Victims’ lives ‘torn apart’ after rape by alleged IRA man
Last month a jury unanimously found Seamus Marley guilty of raping the two boys at a ‘republican safe house’ in Co Louth.
A court in Dublin has heard that the lives of two men were torn apart after they were raped as teenagers by an alleged IRA member.
Last month a jury unanimously found Seamus Marley, 45, originally from the Ardoyne area in Belfast, but with an address at Belfield Court, Stillorgan Road in Dublin, guilty of sexually assaulting the two boys while staying at a “republican safe house” in Co Louth more than two decades ago.
Marley was convicted of six counts of sexual assault and two counts of anal rape, which took place when he was staying in the area, and on camping trips he took with the boys, who were around 14 and 17 at the time of the attacks.
Marley is the son of Larry Marley, a prominent republican linked to the 1983 mass escape of republican prisoners from the Maze Prison, and who was later killed by the UVF.
At a sentencing hearing on Monday, both men gave victim impact statements detailing how their lives had been torn apart by the events, sending them into a spiral of alcohol addiction and struggles with their mental health.
For years I have lived in a mental state of despair, looking over my shoulder
The first man shook as he described his experience, and how he coped over the last three decades.
“I have lived in a mental state of despair, looking over my shoulder,” he said.
“After many years of breakdowns, alcohol and sleepless nights, today I move forward and live my life to the full.
“I can’t undo those years, but I can make the next few the most fulfilling for my wife and kids.”
The second man told the court that he had been a happy-go-lucky child, the “class clown”, and a talented boxer before he was attacked.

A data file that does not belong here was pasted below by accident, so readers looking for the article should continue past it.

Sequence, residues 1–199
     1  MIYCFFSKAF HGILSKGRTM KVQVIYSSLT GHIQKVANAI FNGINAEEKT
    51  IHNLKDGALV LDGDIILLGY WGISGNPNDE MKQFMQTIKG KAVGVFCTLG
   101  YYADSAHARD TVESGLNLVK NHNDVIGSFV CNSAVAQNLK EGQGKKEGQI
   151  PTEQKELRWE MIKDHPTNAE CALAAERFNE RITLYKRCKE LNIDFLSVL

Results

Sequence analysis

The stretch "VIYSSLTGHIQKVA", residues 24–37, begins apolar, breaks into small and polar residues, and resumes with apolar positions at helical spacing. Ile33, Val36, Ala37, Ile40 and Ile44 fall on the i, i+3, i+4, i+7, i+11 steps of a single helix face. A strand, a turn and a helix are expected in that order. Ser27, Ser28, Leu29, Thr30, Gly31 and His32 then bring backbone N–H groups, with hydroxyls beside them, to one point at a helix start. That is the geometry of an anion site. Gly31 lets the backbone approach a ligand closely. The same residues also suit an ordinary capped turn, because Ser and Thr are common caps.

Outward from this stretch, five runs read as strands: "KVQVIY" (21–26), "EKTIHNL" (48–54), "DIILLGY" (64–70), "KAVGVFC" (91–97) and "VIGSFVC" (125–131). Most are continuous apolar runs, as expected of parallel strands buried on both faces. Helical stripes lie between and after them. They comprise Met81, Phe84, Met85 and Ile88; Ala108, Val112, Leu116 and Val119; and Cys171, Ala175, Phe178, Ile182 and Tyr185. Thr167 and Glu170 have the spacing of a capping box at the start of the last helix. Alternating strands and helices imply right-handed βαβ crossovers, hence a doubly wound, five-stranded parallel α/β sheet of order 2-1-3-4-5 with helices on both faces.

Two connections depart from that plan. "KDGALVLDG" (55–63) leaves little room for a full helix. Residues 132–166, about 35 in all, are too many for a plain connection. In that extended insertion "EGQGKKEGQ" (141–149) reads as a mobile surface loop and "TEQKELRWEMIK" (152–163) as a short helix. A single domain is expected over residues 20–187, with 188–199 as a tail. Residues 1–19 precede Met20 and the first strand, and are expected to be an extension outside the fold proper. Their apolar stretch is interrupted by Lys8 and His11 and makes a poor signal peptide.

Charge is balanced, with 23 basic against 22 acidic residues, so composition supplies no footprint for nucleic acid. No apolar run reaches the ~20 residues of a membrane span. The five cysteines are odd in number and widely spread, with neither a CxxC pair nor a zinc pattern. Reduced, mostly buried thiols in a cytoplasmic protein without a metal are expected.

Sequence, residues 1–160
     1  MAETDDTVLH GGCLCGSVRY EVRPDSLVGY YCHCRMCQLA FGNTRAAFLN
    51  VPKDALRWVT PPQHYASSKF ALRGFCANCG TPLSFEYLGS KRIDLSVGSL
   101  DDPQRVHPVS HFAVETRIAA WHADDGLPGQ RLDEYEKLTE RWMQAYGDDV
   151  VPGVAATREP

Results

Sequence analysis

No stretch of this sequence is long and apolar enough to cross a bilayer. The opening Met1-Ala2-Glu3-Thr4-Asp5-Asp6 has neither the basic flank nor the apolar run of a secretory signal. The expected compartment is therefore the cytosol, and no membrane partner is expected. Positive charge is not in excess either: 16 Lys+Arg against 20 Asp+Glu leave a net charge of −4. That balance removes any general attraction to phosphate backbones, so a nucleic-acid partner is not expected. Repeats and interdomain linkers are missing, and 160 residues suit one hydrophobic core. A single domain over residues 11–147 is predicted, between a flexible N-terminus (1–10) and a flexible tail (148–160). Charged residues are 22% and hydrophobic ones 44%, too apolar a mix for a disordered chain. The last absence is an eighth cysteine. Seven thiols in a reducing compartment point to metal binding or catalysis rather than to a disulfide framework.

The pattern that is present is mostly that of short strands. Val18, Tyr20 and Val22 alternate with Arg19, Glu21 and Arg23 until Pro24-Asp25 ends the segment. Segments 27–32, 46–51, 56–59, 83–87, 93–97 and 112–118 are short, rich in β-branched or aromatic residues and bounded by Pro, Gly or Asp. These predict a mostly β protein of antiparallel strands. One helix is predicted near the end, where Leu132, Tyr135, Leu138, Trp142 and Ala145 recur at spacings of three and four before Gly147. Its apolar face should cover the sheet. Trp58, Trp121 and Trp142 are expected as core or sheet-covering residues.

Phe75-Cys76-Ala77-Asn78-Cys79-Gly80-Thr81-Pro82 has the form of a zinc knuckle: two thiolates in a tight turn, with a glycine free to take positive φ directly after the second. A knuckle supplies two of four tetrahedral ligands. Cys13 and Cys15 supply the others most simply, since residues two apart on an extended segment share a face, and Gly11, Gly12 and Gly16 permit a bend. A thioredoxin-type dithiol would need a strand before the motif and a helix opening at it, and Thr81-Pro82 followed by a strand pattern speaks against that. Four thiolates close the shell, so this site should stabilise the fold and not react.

He said he had woken up one night to find Marley pushing his face into his pillow and anally raping him.
He said Marley bought him expensive gifts, and was often determined to spend time alone with him, turning up at his school to walk him home, attending his boxing matches, and phoning the house the victim was staying in while he was on holiday in Co Donegal.
He was convincing and I trusted him. He preyed on me, abused me and raped me
“I was at impressionable age, he built up a rapport with my family, and was constantly looking for time on his own with me, he was convincing and I trusted him,” he said.
“He preyed on me, abused me and raped me.
“As a young man I wasn’t developing, I tried to go on and complete my leaving certificate to do civil engineering, but I left school before I could finish – I had terrible anxiety I would fail.
“I already felt like a failure, I could box someone in the ring, but I couldn’t hold him off, what was wrong with me?
“He affected every part of my life – even boxing. I dreamt of going to the Olympics, but he turned up at a fight, and rubbed my hair, and all I could think from then on was if he would be staying in my house that night.
“He did, and he slept in my bed and abused me again. I carried on boxing but my heart wasn’t in it, secrets of my other life had me starving for air.
“I changed from being the comedian to someone more dependent on alcohol, I had trust issues.”
The man described how he spent time in a psychiatric hospital and a residential rehabilitation centre for those with addiction issues, and had considered suicide.
“The three weeks in court have been gruelling; I have been waking with terrors of Marley hurting me again,” he said.
If you are right and truthful, keep shouting, eventually someone will listen
“Getting the verdict doesn’t dissolve the internal scars, but the guilty verdict was the start of the healing.
“If you are right and truthful, keep shouting, eventually someone will listen.”
The court also heard a number of character references in support of Marley from his long-time partner, a Spanish man he has been with for 16 years, and a pastor from the church he is a member of.
They told of Marley’s charity work overseas, and described him as a “compassionate and loyal” person who has no previous convictions, and who had co-operated fully with police.
Detective Seamus Nolan told the court that Marley came from a large republican family and his father was shot dead by loyalist paramilitaries, when Marley was a teenager.
Defence counsel John Fitzgerald said: “The Troubles visited his family in a direct and tragic way in how his father was murdered.
“This impact on a child doesn’t need to be emphasised but is worth emphasising.”
Mr Justice Paul McDermott deferred sentencing until Thursday morning.